Then I had a chance to work with American jazz label GRP, one of the pioneers of the jazz label in the 80’s (founded by Dave Grusin and Larry Rosen in 1978). They had all the great recordings. At that time a jazz renaissance was starting in Asia. It started because of Kenny G, it was lot of people’s introduction to jazz.
I was their representative in Asia. I travelled around Asia to promote jazz and bring the artists over for GRP.
Robben Ford, Spyro Gyra, Lee Ritenour, Acoustic Alchemy, Brecker Brothers, Chick Corea, Larry Carlton.....nearly everybody from the roster.......
I worked for GRP for 3 or 4 years, then they sold their label and it was time for me to move on as well. So I went back to studio work, recording and producing local musicians.
So in 2001 I wanted to continue my work in Hong Kong and I started Jazz World as a CD shop.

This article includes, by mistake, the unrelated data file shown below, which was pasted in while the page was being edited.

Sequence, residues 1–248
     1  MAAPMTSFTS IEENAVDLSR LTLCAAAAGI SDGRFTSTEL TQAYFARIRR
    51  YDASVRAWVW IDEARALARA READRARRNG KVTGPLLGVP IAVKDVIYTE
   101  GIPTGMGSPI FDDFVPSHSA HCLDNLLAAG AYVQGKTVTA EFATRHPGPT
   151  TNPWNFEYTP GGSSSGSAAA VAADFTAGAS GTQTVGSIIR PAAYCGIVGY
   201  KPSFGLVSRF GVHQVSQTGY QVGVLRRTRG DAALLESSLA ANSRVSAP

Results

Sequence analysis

Q: How did you evolve this into doing the JW Live Series ?
After starting my CD shop, I remember thinking back to one day when I was helping Eric Marienthal with his Asia tour and he said to me, “hey Clarence, you are taking us to all these jazz festivals in Asia, why don’t you take us to a jazz festival in your country?” And I said to myself, that’s it, that’s what I’m going to do next.
I started the first jazz festival in Hong Kong in Oct 2008 with acts including Bob James, the Yellow Jackets with Mike Stern,Alain Caron with Frank Gambale